Natalie Mangrum is a teacher turned founder of Maryland Teacher Tutors, a tutoring company based in Baltimore, Maryland. Natalie and I met up for quesadillas and chatted about our ambitions, education, and our futures. Working on Successful Wom*n this past year has taught me the importance of a simple conversation and encouraging each others aspirations. Reach out to someone in your community who inspires you. We can always learn from each other and we can all be teachers to each other.
Why Maryland? Where did you grow up?
I’m originally from Pittsburgh, PA and yes, I’m a Steelers fan. Let’s just get that out there and be upfront about it. I’m married to a Ravens fan, though! I came to Maryland through an organization called Teach for America. Essentially, TFA’s mission is to recruit the nation’s most promising leaders and send them out to the front lines of the movement for educational equity. In other words, hire really smart people who are change makers and put them in the schools that need them most. When I went through the recruitment and hiring process for TFA, it was harder to get into than Harvard! Once I moved to Baltimore, I never left. I got married and the rest is history.
How did you come to start Maryland Teacher Tutors? Have you always been interested in teaching?
I founded Maryland Teacher Tutors when I was a classroom teacher. As one of my Craigslist side hustles, I was hired as a tutor to work with a family privately. Quite frankly, I was surprised by the hourly rate that they wanted to pay me. I agreed (obviously) and that child made really major progress. They referred me and when my schedule got filled up, I brought on another tutor to help me. 1 tutor turned into 5 turned into 15, etc. The biggest we’ve been is 35. Right now, we’re at 25 and I think that’s our sweet spot. For now.
What types of students do you tutor?
We work with a variety of students, but the two most common situations are:
A. The student who is struggling with subject specific content, like algebra, for instance. This student is a prime candidate for hourly tutoring.
B. The other kind of student we work with is doing fine in school in terms of grades and test scores. They benefit from support with organization, structuring their assignments, time management, and self-advocacy. This student is a prime candidate for academic and executive coaching.
How do you define success in your life?
I’m still learning and honing what my definition of success is. Some days, it’s knowing that I’m providing a service with integrity and excellence and I’m helping different groups of people. I’m helping parents have peace of mind. I’m helping classroom teachers make extra income, thus providing jobs. I’m helping students achieve academically, which sets them up for a bright future. Other days, I’m driven by things like revenue, financial freedom, and ending generational poverty for my children and their children. Ultimately, it’s important that I live my life in a way that honors my faith, my family, and my values.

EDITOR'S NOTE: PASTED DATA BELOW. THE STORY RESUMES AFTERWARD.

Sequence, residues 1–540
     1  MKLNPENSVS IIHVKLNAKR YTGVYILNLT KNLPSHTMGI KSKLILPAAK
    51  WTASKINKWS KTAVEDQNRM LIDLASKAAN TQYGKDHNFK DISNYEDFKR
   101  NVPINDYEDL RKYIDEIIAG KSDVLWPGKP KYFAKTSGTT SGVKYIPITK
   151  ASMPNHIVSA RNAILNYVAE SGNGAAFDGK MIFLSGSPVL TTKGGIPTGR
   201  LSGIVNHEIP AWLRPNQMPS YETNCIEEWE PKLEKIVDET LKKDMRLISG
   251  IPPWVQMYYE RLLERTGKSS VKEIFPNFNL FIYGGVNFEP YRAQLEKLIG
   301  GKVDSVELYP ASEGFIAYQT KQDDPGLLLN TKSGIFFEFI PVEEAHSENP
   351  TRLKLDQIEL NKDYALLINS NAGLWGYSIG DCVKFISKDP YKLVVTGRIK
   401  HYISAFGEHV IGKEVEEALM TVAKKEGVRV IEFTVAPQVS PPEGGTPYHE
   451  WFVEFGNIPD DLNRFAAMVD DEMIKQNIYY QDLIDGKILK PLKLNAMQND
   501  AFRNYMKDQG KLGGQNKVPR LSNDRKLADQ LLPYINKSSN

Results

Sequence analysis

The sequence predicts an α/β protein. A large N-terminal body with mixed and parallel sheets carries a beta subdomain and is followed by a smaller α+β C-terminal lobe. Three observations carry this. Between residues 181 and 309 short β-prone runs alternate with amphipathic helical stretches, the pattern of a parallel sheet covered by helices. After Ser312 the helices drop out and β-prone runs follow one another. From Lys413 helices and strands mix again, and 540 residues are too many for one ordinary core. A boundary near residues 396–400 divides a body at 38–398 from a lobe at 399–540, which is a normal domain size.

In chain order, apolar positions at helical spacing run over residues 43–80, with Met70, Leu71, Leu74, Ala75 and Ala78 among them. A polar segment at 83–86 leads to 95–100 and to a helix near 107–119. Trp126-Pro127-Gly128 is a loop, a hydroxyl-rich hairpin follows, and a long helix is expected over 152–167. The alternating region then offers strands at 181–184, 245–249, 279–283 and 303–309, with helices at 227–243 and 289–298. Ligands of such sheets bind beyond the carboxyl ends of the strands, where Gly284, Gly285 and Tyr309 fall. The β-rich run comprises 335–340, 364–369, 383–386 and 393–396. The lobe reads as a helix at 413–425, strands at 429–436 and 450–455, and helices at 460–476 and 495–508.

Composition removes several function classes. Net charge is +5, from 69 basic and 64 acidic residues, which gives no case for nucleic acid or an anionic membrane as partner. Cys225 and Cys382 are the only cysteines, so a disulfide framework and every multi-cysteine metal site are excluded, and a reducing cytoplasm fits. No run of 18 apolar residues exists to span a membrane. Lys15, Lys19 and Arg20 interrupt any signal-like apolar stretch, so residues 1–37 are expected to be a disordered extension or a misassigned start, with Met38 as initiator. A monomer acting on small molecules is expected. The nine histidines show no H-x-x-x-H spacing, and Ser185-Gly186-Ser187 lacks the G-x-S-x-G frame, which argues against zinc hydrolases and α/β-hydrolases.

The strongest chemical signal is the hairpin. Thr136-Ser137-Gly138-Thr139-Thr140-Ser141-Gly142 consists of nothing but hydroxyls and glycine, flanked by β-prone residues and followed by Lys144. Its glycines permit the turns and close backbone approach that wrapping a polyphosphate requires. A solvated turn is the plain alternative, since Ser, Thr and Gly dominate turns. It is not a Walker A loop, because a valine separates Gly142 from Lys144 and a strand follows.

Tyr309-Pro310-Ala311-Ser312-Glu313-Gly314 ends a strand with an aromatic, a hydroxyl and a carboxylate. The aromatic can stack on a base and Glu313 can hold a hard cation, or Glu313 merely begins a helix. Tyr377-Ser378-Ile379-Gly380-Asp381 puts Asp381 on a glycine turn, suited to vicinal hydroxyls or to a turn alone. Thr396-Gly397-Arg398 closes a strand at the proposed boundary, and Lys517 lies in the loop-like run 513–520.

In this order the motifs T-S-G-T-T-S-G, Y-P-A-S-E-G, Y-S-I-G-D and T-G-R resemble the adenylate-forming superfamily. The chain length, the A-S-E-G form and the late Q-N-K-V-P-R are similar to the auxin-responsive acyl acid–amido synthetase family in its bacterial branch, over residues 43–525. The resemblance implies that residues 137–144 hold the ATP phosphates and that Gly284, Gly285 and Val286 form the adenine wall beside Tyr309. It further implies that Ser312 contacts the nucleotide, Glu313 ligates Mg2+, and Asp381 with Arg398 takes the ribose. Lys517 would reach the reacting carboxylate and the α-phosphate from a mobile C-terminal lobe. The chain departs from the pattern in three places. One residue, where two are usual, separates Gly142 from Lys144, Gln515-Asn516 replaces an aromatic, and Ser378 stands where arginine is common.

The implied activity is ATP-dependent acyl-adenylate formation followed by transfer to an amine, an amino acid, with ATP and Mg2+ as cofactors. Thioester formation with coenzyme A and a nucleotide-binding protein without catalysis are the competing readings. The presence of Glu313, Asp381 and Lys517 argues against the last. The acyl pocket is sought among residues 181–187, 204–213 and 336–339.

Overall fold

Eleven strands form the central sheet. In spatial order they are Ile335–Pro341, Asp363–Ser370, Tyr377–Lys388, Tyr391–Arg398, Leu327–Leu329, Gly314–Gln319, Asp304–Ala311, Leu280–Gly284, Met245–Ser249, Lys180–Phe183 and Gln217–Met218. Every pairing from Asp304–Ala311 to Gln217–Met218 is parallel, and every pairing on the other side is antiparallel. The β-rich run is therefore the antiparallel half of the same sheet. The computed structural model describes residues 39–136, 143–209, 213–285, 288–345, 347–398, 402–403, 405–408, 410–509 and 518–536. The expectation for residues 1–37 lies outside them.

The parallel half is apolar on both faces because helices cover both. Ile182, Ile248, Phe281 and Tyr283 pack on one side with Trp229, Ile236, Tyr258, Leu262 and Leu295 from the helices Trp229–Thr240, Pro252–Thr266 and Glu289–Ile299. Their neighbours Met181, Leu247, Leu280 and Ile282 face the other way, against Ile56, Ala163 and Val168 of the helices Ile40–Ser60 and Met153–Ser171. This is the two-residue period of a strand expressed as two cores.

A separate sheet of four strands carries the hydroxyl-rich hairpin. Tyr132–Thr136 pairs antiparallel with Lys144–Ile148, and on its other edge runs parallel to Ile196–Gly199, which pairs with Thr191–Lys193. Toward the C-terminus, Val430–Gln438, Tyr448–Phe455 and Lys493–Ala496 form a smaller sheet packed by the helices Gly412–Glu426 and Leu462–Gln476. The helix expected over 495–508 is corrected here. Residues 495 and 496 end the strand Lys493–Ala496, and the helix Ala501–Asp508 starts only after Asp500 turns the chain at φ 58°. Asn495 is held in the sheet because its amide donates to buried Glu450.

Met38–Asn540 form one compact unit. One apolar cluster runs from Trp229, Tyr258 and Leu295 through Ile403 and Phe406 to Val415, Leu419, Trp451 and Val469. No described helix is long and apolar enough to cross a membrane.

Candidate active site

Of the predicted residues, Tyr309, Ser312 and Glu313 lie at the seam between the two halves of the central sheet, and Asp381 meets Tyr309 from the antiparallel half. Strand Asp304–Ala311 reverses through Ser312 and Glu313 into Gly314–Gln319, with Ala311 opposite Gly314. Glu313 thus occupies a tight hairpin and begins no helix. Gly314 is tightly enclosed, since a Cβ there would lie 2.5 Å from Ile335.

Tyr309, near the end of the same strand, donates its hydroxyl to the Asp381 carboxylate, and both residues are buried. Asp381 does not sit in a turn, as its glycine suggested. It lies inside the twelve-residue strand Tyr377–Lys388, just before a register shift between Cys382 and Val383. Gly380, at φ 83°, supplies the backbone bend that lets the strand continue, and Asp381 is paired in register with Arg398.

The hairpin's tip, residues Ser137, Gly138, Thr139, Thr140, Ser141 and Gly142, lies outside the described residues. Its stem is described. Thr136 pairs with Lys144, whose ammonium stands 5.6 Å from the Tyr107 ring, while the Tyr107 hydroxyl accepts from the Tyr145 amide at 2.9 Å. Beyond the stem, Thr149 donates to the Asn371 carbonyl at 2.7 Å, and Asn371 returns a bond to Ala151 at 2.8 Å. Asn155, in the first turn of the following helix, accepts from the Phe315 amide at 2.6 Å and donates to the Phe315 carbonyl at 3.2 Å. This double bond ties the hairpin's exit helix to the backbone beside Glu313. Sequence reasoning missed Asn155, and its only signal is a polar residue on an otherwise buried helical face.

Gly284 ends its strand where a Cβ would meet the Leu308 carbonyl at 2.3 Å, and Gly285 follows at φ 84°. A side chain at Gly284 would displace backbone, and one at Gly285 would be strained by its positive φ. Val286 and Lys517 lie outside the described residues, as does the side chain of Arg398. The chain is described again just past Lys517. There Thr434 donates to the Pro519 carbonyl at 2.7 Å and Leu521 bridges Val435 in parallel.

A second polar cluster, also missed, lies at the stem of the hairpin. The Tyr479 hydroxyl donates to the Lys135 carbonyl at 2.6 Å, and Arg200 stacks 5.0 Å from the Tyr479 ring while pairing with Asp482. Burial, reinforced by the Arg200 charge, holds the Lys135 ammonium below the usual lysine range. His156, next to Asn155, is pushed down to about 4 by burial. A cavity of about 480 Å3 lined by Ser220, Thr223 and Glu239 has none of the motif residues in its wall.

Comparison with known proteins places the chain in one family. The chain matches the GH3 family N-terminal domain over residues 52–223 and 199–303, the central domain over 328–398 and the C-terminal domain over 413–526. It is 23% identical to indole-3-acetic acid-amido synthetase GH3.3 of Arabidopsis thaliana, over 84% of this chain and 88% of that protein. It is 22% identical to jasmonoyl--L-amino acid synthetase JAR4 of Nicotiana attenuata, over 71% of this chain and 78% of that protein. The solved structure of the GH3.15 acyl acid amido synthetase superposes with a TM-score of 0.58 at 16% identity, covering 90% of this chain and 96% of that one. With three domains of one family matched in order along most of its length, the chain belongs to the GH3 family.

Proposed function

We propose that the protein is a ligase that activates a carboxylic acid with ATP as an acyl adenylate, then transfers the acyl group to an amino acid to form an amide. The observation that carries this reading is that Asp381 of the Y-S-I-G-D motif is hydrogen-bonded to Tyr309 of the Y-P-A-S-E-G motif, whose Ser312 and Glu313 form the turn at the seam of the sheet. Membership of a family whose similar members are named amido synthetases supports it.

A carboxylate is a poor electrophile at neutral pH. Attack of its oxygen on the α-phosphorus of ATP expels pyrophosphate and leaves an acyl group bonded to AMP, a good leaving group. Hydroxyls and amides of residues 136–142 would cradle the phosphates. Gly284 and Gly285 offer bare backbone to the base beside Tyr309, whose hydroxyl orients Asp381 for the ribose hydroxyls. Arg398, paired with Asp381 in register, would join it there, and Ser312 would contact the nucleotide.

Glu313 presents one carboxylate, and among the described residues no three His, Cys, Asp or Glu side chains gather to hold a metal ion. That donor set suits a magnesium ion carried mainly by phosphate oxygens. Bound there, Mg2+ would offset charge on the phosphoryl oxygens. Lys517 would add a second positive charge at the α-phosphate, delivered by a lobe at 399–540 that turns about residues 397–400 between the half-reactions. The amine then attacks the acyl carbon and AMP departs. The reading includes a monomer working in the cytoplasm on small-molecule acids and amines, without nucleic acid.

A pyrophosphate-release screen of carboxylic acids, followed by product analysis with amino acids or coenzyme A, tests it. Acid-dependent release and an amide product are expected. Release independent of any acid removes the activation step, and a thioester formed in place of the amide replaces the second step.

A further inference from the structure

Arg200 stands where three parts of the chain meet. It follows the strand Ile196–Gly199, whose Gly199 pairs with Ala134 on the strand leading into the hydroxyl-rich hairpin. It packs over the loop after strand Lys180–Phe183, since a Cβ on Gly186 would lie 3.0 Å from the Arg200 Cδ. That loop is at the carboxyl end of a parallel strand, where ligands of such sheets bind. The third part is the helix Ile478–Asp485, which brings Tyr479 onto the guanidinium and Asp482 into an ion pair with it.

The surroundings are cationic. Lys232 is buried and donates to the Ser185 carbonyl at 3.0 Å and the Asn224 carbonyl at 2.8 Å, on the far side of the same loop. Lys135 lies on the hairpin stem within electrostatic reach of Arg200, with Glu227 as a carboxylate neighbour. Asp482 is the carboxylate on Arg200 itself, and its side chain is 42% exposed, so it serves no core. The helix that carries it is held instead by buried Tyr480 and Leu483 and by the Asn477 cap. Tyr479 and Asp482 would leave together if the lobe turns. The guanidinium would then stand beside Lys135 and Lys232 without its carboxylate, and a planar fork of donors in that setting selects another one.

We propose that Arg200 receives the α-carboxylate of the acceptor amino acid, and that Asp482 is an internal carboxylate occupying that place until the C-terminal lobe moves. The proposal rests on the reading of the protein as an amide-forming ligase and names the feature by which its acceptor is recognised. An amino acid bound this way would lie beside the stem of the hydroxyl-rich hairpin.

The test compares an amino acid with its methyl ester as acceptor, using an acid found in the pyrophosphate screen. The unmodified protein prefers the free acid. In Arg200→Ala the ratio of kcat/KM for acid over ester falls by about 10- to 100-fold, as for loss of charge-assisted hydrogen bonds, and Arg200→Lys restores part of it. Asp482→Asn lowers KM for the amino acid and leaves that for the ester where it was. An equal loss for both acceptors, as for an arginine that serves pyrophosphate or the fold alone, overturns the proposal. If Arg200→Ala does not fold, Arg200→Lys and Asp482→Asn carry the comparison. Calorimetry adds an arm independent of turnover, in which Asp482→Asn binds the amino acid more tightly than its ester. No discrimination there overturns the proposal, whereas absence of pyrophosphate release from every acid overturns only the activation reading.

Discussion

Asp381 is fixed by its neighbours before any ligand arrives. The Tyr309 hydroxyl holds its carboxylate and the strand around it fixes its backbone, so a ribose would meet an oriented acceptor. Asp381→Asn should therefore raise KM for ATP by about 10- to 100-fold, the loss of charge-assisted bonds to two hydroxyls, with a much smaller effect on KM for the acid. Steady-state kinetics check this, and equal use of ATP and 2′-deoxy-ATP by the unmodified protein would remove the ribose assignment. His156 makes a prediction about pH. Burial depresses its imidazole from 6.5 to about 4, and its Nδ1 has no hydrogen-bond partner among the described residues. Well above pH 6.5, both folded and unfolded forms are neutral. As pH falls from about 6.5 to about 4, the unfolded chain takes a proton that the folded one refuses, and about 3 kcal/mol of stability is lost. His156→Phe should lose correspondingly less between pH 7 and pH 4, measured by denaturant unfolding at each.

What advice would you give another woman seeking a successful life?
The advice I would give another woman seeking to live a successful life is to first identify what success looks like. If success is traveling the world in an RV and working remotely so that you can raise your kids and travel the world, then start setting goals! Create a plan and then execute. If success is living a simple quiet life with a thriving online blog that brings you passive income, then my advice is the same. Create a plan and execute it!
Has being a woman affected your success? If so, in what way and how have you dealt with this?
Early on, I had a man call and ask me if in addition to tutoring, I could clean the house and cook dinner in little clothing. I would say that was definitely a result of me being a woman. Maybe he would’ve asked a man to do the same thing. Only he knows. 🙂 In general, I have not found that me being a woman has presented any obstacles that I don’t believe I can overcome. Sometimes I don’t even notice that people see me differently because not only am I a woman, but I’m a minority. Other people are often the ones who point it out to me. I’ve only ever lived in this skin so stiff-arming ignorance and challenging the status quo comes naturally for me.
What is the most important lesson you have learned thus far in life?
The most important lesson I’ve learned in life is that everything is a lesson. I try to learn from every experience, good and bad. When things are going horribly wrong and when things are going unbelievably well, I try to reflect. I consider what’s happening and respond with gratitude and a solid belief that there is a sovereign plan in place for my good. I rest in those lessons because I learn about myself and others in the process.
All images © Rachel King, 2018